White House proclamation urges support for Bill of Rights Day — today!

Wednesday, December 14, 2011

WASHINGTON — The White House has issued a proclamation encouraging all Americans to honor and support tomorrow the 220th anniversary of the ratification of the Bill of Rights, Dec. 15, 1791.

“The promise of enumerated rights enabled the ratification of the Constitution without fear that a more centralized government would encroach on American freedoms,” the proclamation signed by President Barack Obama says in part. “In adopting the first ten Amendments, our Founders put forth an ideal that continues to define our Nation — that we can have both liberty and security, that we need not sacrifice the rights of man for the rule of law.”

A White House spokesman also said the White House would tweet its support for the Bill of Rights tomorrow. That would coincide with the Free to Tweet contest, a daylong online celebration of First Amendment rights. High school and college students nationwide can win one of 22 $5,000 scholarships through “Free to Tweet” tomorrow only, Dec. 15, the 220th anniversary of our right to free expression.

Beginning at midnight EST tomorrow, students ages 14 to 22 can tweet their support for the First Amendment with the hashtag #freetotweet, which will enter them in the “Free to Tweet” scholarship competition. Students are encouraged to express themselves freely in their entries, which can be posted on any publicly viewable social media platform, including blogs.

The “Free to Tweet” contest ends at midnight PST.

“Free to Tweet” encourages Americans of all ages to join with students in reinvigorating national celebration of Bill of Rights Day by expressing their appreciation for the First Amendment on social media.

Joining in support of “Free to Tweet” are performing artists such as Ke$ha, Brad Paisley, Blake Shelton, Frankie Ballard, Joe Nichols, Wynonna Judd, Darius Rucker, John Oates, Mary Chapin Carpenter, Heart, The Civil Wars, Sarah Jarosz, Elenowen, Jana Kramer, Joanna Smith and Jason Crabb. These celebrities, along with educators, reporters, and other Americans nationwide, will be tweeting tomorrow.

All student posts that include the hash tag #freetotweet will be considered for the scholarship competition. Only one tweet is required for entry, however students are encouraged to enter as many times as they wish.

More information, including contest rules, frequently asked questions and judging criteria, is available at FreeToTweet.org.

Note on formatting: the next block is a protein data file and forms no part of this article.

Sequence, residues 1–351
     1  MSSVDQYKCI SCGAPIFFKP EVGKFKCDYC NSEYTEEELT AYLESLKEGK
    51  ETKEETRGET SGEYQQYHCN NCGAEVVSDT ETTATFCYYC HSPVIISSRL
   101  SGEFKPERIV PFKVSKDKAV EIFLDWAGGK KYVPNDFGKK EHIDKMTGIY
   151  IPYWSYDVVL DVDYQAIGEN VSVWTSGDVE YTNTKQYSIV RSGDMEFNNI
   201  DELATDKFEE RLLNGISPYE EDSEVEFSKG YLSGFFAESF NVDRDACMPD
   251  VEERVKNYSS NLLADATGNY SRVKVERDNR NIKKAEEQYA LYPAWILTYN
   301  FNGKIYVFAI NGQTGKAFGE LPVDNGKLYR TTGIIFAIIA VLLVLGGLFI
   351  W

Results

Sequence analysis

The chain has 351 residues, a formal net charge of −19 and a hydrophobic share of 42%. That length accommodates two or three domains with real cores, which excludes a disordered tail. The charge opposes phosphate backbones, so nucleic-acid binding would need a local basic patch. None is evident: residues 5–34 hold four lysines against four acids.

“Free to Tweet is one of the easiest scholarship contests students could possibly enter. All it takes is 140 characters,” said Ken Paulson, a founder of the 1 for All campaign and president of the American Society of News Editors. “Tomorrow, we hope all Americans will help us celebrate Bill of Rights Day and reflect on the freedoms we dare not take for granted.”

Bill of Rights Day was first established by President Franklin D. Roosevelt in late November of 1941. Just days later, however, Pearl Harbor was attacked and the United States entered World War II. The holiday declaration was largely forgotten.

Also part of 1 for All’s daylong celebration of Bill of Rights Day tomorrow, the Newseum in Washington D.C. will host an afternoon conference exploring the role of social media in shaping young people’s sense of First Amendment principles. Educators and members of the public can RSVP to attend the free gathering.

Students can enter the scholarship competition by tweeting a message of support—using the hash tag #freetotweet—for the First Amendment. The tweet can be self-contained or link to original content on a website or other social media platform. A panel of educators and First Amendment experts will review the entries and award 22 $5,000 scholarships, one for every decade since the ratification of the Bill of Rights.

“Free to Tweet” is funded by the John S. and James L. Knight Foundation and organized by 1 for All, an unprecedented educational and public service campaign that builds understanding of the First Amendment and its five distinct freedoms: speech, press, religion, assembly and petition.

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About 1 for All
1 for All is a non-partisan, educational campaign that was launched in 2010 to address a general lack of awareness by the American public about the five freedoms afforded by the First Amendment. Initial support for campaign was provided by the John S. and James L. Knight Foundation, Newseum, McCormick Foundation, American Society of News Editors, First Amendment Center and Gannett Foundation. In addition, more than 1,000 news organizations, religious groups and educational institutions have devoted their time and resources in support of the 1 for All campaign. More information at 1forall.us.

About Knight Foundation
Knight Foundation supports transformational ideas that promote quality journalism, advance media innovation, engage communities and foster the arts. The foundation believes that democracy thrives when people and communities are informed and engaged. More information at knightfoundation.org.

Also see: The holiday that got away: why we need to honor the Bill of Rights on Dec. 15

Celebrating Bill of Rights Day

 

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